• On the news this morning, the old bag was saying that the visitor figures for the fountain had far exceeded their predictions.
  • He loathed the old bag more than Liz ever did, despite sharing the same political views.
6 (one's bag) informal One’s particular interest or taste: ask the manager about mild curries, if that’s your bag
More example sentences
  • Not that there's anything wrong with that - but not my bag.
  • I tried a course in b/w photography, but realised it was not my bag either.
  • Ostensibly, a Chinwag meeting about PR Online is simply not my bag, but an interface appears to be forming (think Star Trek) between PR and Blogging.
7The amount of game shot by a hunter: an estimated bag of 3,000 ducks
More example sentences
  • Looking at photos of other teal hunters' bags, most seem to hold a high percentage of adult male bluewings.
  • It's fairly unlikely that the council will recommend further cuts in the scaup bag limit for the coming season.
  • The federal framework also modified the daily bag limit for the four-day season in the SWDA.
8(In southern Africa) a unit of measurement, used especially of grain, equal to 70 kg (formerly 200 lb).
Example sentences
  • A bag (50-kg) of maize now sells for E 95 in the formal market however in the informal market the price ranges from E120-140 per bag.
  • The standard 50-kg bag of fertilizer costs US$20 or more.
9 Baseball A base.
Example sentences
  • He takes a few steps past the bag and the right fielder throws the ball to the shortstop at the bag.
  • Because of his proximity to the base, the first baseman will tag the bag first before throwing to second.
  • The moment Ugeto reached second base safely and left the bag, he was open game to be put out.

verb (bags, bagging, bagged)

[with object]
1Put (something) in a bag: customers bagged their own groceries
More example sentences
  • Under protocols to protect against asbestos contamination, fire personnel and equipment had to be hosed down, while their kit was bagged up and sent for specialist cleaning.
  • So, the computer's got to be moved onto a small coffee table temporarily, and my clothes are either bagged up or hung in various locations at random!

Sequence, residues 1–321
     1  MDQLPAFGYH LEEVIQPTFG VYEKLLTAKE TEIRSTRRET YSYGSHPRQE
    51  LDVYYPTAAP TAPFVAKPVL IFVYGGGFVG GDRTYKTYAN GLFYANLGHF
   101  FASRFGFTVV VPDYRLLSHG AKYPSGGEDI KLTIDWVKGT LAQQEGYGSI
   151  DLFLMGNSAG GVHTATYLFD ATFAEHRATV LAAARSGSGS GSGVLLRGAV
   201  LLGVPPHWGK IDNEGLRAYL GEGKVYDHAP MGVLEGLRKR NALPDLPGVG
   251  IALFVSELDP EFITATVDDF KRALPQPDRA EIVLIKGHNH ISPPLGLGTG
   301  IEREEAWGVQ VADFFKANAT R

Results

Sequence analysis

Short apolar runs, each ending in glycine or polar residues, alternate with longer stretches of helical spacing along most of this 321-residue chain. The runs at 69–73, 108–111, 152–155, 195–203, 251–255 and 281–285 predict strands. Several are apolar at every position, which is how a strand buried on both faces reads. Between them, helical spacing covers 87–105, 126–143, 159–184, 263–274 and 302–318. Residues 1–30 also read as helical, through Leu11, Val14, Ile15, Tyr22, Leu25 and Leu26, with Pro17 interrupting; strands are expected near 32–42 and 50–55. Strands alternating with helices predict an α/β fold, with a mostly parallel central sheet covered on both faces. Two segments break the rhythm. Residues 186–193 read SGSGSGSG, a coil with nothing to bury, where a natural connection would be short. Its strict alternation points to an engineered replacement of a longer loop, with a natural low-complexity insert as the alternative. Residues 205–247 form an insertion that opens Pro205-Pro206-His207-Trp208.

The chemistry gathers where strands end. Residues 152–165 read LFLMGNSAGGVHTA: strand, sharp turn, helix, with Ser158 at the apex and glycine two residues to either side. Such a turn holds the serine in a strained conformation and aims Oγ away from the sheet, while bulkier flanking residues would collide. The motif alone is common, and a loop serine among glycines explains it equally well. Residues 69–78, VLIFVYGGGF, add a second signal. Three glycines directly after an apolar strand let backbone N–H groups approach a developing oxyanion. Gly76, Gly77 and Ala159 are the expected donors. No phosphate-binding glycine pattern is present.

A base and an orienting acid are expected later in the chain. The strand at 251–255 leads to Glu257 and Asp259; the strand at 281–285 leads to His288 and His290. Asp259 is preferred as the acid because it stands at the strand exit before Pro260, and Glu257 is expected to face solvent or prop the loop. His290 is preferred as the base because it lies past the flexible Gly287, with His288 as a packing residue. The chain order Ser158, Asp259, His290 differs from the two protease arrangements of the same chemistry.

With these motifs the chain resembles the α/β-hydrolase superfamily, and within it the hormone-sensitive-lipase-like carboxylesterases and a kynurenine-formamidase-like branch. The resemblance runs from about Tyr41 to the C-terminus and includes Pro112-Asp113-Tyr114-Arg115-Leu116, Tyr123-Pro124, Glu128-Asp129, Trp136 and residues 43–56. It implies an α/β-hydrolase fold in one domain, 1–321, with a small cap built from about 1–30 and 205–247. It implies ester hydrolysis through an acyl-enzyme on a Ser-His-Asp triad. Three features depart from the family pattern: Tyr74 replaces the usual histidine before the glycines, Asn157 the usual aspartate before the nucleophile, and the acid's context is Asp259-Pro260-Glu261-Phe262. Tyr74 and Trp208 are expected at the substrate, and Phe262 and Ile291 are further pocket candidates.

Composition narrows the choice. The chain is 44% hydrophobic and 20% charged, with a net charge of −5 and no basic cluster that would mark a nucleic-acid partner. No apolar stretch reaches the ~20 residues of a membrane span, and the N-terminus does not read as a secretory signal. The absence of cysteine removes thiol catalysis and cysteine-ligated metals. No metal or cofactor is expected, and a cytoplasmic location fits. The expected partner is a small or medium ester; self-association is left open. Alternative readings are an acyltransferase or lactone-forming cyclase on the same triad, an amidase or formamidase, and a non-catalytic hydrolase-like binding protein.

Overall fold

• After that, they were bagged up for shipping and stored in the freezer until a truck came to get them.
2Succeed in killing or catching (an animal): Mike bagged nineteen cod
More example sentences
  • The free event is open to hunters bagging white-tailed deer, mule deer, or antelope in Texas during the past year.
  • Wealthy Britons pay tens of thousands to bag a lion, elephant or polar bear in trophy hunts that recreate images of a bygone colonial era
  • She bagged a deer on her very first shoot, but found it more difficult when asked to go stalking alone.
catch, capture, trap, snare, ensnare, land;
kill, shoot, pick off
2.1Succeed in securing (something): we’ve bagged three awards for excellence get there early to bag a seat in the front row
More example sentences
  • From RAMP shows and TV compering to bagging the best actress award in the small screen category for 2001, Jyothirmayee has come a long way.
  • Samyuktha Varma bagged the best actress award for her role in another film exploring post-marital affairs, ‘Megha Malhar’.
  • In the South Lakeland District Council award section, Sedbergh bagged the towns and villages trophy while Rydal Mount, Rydal, took the tourism trophy.
get, secure, obtain, acquire;
reserve, commandeer, grab, appropriate, take;
win, achieve, attain
informal get one's hands on, get one's mitts on, nab, pick up, land, net
3 [no object] (Of clothes, especially trousers) form loose bulges due to wear: these trousers never bag at the knee
More example sentences
  • The cloak he wore bagged over his body, making his frail stature appear sturdier.